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The Three Most Trump-ian Quotes in Donald Trump’s Economist Interview

“I get more deductions, they have deductions for birds flying across America, they have deductions for everything.”

Trump in the Oval

President Trump covered trade, health care, tax reform, and more in a lengthy interview with The Economist published on Thursday.

It’s a long interview, so the Need to Know (NTK) Network pulled out the three most Trump-ian quotes in the interview, from “birds” to Pence 2024.

DEDUCTIONS FOR THE BIRDS

Addressing tax reform, Trump suggested there are too many deductions in the U.S. tax code. But he used an interesting analogy to demonstrate that point:

I get more deductions, I mean I can tell you this, I get more deductions, they have deductions for birds flying across America, they have deductions for everything. There are more deductions…now you’re going to get an interest deduction, and a charitable deduction. But we’re not going to have all this nonsense that they have right now that complicates things and makes it… you know when we put out that one page, I said, we should really put out a, you know, a big thing, and then I looked at the one page, honestly it’s pretty well covered. Hard to believe.

NORTH KOREA VS. YOUR KNEE

President Trump noted that one of the goals of the American Health Care Act (AHCA), which would largely repeal and replace Obamacare, is to get the federal government out of health care decisions.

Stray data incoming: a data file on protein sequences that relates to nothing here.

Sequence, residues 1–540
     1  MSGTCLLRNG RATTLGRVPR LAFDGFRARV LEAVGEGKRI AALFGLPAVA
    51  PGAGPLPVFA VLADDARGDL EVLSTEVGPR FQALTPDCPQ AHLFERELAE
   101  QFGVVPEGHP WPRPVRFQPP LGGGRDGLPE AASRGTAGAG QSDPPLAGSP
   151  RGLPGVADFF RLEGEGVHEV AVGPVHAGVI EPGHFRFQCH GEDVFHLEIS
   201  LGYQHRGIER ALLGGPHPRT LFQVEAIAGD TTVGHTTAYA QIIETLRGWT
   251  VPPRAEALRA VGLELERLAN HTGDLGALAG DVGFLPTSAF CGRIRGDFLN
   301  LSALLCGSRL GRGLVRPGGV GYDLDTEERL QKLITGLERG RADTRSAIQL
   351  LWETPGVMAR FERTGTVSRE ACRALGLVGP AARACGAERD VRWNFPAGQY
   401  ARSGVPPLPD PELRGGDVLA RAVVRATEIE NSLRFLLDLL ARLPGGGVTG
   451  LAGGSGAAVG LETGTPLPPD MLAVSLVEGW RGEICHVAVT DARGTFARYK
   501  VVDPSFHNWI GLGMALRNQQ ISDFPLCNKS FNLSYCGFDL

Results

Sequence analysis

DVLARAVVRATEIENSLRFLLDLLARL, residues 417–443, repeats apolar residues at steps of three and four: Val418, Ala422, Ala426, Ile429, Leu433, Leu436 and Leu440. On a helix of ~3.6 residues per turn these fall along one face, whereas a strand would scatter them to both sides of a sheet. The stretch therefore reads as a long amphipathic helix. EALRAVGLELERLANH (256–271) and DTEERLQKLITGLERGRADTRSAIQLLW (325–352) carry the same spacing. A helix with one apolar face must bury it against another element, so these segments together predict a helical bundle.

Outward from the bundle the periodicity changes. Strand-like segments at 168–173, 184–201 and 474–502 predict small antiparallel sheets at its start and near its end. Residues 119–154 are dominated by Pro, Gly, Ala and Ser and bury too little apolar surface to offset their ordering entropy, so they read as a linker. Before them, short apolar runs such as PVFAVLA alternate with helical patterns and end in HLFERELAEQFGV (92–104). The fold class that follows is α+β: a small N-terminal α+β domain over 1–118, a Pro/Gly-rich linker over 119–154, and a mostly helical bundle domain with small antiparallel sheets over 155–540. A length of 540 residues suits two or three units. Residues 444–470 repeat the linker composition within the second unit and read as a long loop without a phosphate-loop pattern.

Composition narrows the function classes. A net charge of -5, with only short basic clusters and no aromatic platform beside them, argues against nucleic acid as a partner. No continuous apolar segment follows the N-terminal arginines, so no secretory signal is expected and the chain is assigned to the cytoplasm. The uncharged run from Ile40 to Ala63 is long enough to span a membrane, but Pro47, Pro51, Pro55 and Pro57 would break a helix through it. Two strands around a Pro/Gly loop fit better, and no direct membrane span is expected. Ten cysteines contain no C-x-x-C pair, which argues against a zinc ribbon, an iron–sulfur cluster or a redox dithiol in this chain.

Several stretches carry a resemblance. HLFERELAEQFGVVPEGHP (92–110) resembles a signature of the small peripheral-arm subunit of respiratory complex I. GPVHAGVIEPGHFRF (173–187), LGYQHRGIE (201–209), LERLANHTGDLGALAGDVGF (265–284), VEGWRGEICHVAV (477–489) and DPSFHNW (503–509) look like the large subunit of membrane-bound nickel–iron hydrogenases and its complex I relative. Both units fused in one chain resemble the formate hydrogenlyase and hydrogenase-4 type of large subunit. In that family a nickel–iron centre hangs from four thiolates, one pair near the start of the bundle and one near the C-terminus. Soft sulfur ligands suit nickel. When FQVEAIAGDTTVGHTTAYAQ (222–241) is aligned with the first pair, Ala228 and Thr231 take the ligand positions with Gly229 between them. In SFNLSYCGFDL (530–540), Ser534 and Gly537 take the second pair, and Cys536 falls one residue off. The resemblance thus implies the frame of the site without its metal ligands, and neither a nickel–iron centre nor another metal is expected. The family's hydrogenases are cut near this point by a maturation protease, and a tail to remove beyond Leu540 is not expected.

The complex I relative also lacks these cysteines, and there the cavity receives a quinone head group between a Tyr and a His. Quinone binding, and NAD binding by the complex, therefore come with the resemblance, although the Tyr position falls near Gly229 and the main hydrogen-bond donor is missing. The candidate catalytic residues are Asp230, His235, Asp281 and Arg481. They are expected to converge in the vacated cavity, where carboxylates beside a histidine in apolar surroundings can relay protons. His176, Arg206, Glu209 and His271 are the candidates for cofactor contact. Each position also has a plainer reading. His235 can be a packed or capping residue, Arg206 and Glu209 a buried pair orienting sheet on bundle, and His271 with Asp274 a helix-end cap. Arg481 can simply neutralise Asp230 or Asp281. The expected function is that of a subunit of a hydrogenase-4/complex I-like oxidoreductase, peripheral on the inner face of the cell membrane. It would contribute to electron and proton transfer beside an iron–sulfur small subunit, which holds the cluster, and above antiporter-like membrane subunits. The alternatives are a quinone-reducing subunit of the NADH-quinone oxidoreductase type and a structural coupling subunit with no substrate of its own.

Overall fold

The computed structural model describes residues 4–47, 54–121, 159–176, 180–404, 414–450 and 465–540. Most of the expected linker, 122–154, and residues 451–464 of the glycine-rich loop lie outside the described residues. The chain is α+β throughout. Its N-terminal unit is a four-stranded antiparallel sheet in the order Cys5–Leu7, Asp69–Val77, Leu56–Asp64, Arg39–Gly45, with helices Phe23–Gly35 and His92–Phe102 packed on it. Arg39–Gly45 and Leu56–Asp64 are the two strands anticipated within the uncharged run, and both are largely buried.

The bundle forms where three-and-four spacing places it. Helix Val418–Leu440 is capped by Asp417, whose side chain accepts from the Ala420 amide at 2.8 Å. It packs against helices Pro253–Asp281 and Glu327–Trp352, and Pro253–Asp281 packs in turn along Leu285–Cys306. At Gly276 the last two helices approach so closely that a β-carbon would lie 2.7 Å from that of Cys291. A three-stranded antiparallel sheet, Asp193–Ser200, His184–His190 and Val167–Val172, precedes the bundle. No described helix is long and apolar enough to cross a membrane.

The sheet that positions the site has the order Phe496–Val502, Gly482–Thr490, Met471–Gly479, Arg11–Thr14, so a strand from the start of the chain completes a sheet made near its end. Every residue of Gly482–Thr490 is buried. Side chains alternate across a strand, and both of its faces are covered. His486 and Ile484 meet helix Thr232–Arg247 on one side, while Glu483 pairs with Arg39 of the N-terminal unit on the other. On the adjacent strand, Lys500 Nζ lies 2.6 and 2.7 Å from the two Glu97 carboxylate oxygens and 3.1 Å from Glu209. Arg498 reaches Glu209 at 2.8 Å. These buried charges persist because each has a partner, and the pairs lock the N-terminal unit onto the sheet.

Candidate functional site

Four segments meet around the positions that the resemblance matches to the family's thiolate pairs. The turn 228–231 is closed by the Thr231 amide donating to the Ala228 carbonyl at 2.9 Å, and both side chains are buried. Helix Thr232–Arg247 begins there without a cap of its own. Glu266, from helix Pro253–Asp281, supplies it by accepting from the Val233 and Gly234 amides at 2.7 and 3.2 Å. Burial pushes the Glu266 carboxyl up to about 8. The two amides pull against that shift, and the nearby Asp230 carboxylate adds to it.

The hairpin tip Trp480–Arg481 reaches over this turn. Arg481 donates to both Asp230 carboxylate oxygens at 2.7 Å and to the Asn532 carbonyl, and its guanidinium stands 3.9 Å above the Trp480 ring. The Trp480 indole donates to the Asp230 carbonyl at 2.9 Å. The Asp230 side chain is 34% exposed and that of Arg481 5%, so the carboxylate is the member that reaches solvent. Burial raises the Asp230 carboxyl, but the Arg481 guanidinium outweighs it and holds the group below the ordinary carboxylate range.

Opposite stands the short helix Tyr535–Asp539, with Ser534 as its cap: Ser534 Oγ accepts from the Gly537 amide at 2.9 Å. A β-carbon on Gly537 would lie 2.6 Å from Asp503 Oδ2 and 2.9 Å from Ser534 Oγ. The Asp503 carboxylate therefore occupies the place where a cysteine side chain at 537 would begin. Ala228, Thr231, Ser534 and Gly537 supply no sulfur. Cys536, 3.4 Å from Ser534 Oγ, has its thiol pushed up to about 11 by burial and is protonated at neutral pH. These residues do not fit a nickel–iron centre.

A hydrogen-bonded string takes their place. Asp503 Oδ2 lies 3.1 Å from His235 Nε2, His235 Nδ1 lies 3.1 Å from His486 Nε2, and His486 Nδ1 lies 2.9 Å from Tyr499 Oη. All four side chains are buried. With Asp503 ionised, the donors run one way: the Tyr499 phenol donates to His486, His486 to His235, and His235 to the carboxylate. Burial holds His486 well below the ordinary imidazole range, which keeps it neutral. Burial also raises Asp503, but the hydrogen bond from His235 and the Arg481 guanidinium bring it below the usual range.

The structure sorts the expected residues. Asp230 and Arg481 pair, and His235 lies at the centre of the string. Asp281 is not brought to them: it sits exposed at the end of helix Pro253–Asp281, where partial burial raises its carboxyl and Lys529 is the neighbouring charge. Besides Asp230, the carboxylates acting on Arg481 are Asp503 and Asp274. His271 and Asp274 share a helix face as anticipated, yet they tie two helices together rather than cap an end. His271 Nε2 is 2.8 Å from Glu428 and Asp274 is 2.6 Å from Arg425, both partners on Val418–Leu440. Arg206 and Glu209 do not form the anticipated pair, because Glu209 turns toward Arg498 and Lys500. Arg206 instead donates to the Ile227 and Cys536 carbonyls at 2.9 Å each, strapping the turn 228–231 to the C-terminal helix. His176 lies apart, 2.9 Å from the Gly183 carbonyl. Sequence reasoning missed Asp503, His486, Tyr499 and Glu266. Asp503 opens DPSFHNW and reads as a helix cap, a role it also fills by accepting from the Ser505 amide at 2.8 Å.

Why? Trump wants to focus on North Korea:

But ultimately, you know I use the expression, “If you have a bad knee, I would rather have the federal government focus on North Korea than fixing your knee.” The state governments are in much better position to, you know, help people.

PENCE 2024?!

At the end of the interview, Trump appeared to drop an information bomb that has not been confirmed by anyone in the White House: Vice President Mike Pence will run to succeed Trump at the end of (what Trump assumes to be) eight years in office.

We’re doing things that are going to keep people real happy. And then ultimately, when I leave office, on the assumption [Mike Pence] doesn’t follow me, but he will. But when I leave office what happens is slowly they’ll nip away at it, nip away, nip away and then in 40, 50 years somebody else will come along and bring it back.

You can check out the full interview transcript here.